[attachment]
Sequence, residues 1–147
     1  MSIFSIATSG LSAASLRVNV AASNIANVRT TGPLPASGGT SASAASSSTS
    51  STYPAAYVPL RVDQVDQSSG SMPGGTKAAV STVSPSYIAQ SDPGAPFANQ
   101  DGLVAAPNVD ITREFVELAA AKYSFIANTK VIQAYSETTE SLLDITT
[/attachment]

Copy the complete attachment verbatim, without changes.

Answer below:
Sequence, residues 1–147
     1  MSIFSIATSG LSAASLRVNV AASNIANVRT TGPLPASGGT SASAASSSTS
    51  STYPAAYVPL RVDQVDQSSG SMPGGTKAAV STVSPSYIAQ SDPGAPFANQ
   101  DGLVAAPNVD ITREFVELAA AKYSFIANTK VIQAYSETTE SLLDITT